Erhard Egidi

Erhard Egidi (23 April 1929 – 8 September 2014) was a German cantor, organist and composer of sacred music. He was Kantor at the Neustädter Kirche, Hannover, from 1972 to 1991, where he focused on music in church services, but also conducted concerts, with a preference for works of Johann Sebastian Bach and his own teacher Ernst Pepping. He was appointed Kirchenmusikdirektor (church music director), responsible for the church music of Hanover.

Erhard Egidi
Neustädter Kirche St. Johannes Hannover.jpg
Neustädter Kirche, Hannover, where he was responsible for the Protestant church music of Hannover, 2009
Born(1929-04-23)23 April 1929
Rheinsberg, Germany
Died8 September 2014(2014-09-08) (aged 85)
Hannover, Germany
EducationSpandauer Kirchenmusikschule
Years active1954 (1954)–1991


St. Lamberti, Hildesheim, where he worked from 1954 to 1972

Born in Rheinsberg, he studied in Berlin at the Spandauer Kirchenmusikschule (Spandau academy of church music) with Gottfried Grote, Ernst Pepping and Herbert Schulze.[1] He was cantor at St. Lamberti, Hildesheim from 1954. He included contemporary music, for example in 1957 a concert for Trinity Sunday with works including works by Johann Nepomuk David, Burkhard's Die Sintflut, and Pepping's setting of the Gospel for the Sunday, Jesus und Nikodemus from the Gospel of John, and a setting of the Epistle, "O welch eine Tiefe des Reichtums".[2]

From 1972 Egidi was cantor at the Neustädter Kirche, Hannover, later appointed Kirchenmusikdirektor (church music director), responsible for the church music of Hanover.[3] His first concert with the chorale Kantorei St. Johannis presented Bach's Missa in A and Mozart's Vesperae solennes de confessore.[4] As a keyboard player, he performed works for harpsichord, such as Bach's Goldberg Variations, and for clavichord, for example a sonata by Friedrich Wilhelm Rust. He performed Bach's Clavierübung III with his wife Maria on two organs in 1986. Each autumn, the choir toured with an a cappella program.[4] In 1980 it included a concert at the Marktkirche in Wiesbaden, with Leonhard Lechner's motet Ach Gott, Dir tu ich klagen, Bach's motet Der Geist hilft unser Schwachheit auf, BWV 226 and Pepping's Missa Dona nobis pacem.[1] Destinations have included Copenhagen (1972), Paris (1973), Straßburg (1979), Black Forest (1982, including Bach's Jesu, meine Freude), and Vaduz (1987), and small towns that do not support choirs.[4]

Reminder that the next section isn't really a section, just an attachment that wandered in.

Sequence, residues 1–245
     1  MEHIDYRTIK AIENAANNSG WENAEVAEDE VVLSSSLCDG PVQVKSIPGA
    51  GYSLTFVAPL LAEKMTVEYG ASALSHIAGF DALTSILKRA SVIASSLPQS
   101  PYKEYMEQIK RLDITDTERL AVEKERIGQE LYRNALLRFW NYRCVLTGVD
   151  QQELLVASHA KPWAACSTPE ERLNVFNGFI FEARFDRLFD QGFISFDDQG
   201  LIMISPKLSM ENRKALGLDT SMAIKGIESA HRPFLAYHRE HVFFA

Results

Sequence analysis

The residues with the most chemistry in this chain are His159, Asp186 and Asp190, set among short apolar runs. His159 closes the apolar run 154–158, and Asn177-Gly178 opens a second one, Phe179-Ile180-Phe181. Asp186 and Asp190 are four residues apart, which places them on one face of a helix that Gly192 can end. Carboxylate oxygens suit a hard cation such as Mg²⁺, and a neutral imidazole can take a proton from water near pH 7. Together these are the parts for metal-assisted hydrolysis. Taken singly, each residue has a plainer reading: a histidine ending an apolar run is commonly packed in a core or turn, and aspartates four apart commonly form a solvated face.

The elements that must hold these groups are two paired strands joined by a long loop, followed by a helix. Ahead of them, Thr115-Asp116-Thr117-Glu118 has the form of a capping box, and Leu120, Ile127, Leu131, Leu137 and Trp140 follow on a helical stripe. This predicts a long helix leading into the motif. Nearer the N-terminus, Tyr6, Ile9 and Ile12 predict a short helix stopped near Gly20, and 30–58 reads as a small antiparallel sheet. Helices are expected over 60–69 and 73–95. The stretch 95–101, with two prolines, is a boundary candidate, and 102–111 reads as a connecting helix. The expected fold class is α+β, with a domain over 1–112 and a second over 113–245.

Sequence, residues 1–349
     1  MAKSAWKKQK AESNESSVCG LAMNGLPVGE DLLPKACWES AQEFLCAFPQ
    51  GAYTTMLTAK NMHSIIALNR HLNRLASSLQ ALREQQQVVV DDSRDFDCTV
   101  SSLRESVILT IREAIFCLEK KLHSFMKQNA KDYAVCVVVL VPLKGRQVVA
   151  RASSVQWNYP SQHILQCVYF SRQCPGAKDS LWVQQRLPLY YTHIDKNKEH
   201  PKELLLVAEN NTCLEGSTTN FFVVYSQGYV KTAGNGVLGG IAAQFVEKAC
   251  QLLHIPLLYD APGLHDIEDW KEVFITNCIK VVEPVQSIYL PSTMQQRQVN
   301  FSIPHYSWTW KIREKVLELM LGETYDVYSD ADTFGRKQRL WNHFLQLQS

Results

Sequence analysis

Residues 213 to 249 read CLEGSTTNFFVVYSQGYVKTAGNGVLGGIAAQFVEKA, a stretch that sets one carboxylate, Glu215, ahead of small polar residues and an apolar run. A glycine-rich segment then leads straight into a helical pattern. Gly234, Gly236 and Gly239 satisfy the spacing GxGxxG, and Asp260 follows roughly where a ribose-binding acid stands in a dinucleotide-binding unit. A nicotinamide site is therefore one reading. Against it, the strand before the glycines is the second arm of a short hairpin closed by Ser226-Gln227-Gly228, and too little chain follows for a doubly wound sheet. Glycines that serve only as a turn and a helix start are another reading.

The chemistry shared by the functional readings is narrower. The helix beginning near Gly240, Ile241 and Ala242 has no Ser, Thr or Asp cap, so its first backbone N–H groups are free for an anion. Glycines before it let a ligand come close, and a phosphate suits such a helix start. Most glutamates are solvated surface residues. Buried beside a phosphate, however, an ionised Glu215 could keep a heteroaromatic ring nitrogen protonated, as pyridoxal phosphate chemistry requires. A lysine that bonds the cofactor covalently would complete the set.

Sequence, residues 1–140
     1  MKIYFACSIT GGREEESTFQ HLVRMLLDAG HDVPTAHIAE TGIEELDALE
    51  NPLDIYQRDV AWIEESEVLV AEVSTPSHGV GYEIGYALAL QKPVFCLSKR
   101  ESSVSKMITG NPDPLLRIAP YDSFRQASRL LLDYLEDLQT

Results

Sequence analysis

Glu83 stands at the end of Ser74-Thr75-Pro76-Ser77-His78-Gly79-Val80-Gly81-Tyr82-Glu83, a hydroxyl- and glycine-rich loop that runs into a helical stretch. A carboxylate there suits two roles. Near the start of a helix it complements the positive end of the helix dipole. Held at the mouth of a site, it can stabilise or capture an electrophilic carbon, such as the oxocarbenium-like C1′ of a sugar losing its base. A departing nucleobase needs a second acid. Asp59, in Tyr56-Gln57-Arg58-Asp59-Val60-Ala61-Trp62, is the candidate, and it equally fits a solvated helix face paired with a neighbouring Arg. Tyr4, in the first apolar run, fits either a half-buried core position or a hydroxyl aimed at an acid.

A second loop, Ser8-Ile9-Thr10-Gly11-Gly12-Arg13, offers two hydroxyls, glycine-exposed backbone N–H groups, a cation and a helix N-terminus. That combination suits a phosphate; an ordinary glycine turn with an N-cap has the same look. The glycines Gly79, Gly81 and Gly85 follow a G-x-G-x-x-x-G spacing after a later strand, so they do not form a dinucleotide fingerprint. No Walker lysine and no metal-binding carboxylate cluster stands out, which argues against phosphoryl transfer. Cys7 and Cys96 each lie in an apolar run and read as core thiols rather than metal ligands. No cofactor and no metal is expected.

Egidi founded a chamber orchestra Kammerorchester St. Johannis, mostly of teachers and students of the Musikhochschule Hannover, to play with the choir and perform instrumental concerts. He performed in 1979 Handel's Messiah, with soloists Ute Frühhaber, Renate Naber, Lutz-Michael Harder and Heiner Eckels. In 1982 he conducted Bach's St Matthew Passion with Harder as the Evangelist, and Gerhard Faulstich as vox Christi. On 11 June 1983 Egidi conducted Bach's Mass in B minor for the "20. Deutscher Evangelischer Kirchentag". The last movement, Dona nobis pacem (Give us peace), matched a visible participation of members of the Peace movement in the audience. In 1986 he combined Stravinsky's Canticum sacrum and Ein deutsches Requiem by Brahms,[5] in 1988 he conducted Stravinsky's Cantata and Mozart's Great Mass in C minor,[6] in 1990 Bach's Mass in B minor.[7]